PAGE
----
Guyana (ə/ or ə/), officially the Co-operative Republic of Guyana, is a country on the northern mainland of South America. It is the only English speaking country in South America, and is culturally considered part of the Anglophone-Caribbean sphere. In addition it is one of the founding member countries of the Caribbean Community organization (CARICOM). Guyana is bordered by the Atlantic Ocean to the north, Brazil to the south and southwest, Venezuela to the west, and Suriname to the east. With an area of 215,000 square kilometres (83,000 sq mi), Guyana is the third-smallest sovereign state on mainland South America after Uruguay and Suriname.
The region known as "the Guianas" consists of the large shield landmass north of the Amazon River and east of the Orinoco River known as the "land of many waters". Major rivers in Guyana include the Essequibo, the Berbice, and the Demerara. Originally inhabited by many indigenous groups, Guyana was settled by the Dutch before coming under British control in the late 18th century. It was governed as British Guiana, with a mostly plantation-style economy until the 1950s. It gained independence in 1966, and officially became a republic within the Commonwealth of Nations in 1970. The legacy of British rule is reflected in the country's political administration and diverse population, which includes Indian, African, Amerindian, and multiracial groups.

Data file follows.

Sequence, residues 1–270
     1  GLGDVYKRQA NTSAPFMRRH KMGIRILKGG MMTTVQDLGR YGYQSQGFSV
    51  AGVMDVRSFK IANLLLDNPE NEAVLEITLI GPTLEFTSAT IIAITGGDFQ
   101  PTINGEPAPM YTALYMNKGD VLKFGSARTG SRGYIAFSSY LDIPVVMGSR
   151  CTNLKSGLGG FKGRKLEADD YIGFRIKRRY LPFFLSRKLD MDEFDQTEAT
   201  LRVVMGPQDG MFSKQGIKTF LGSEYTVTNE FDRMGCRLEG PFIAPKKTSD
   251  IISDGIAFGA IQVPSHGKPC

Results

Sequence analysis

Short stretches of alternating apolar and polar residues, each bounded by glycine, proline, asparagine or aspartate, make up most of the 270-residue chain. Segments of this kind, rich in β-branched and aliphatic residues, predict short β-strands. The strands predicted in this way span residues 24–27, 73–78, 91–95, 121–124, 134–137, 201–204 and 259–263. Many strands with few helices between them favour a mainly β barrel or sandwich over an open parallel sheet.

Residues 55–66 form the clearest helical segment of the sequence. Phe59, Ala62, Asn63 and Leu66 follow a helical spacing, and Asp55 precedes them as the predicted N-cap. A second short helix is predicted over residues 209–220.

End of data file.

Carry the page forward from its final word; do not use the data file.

The name "Guyana" derives from Guiana, the original name for the region that formerly included Guyana (British Guiana), Suriname (Dutch Guiana), French Guiana, and parts of Colombia, Venezuela and Brazil. According to the Oxford English Dictionary, "Guyana" comes from an indigenous Amerindian language and means "land of many waters".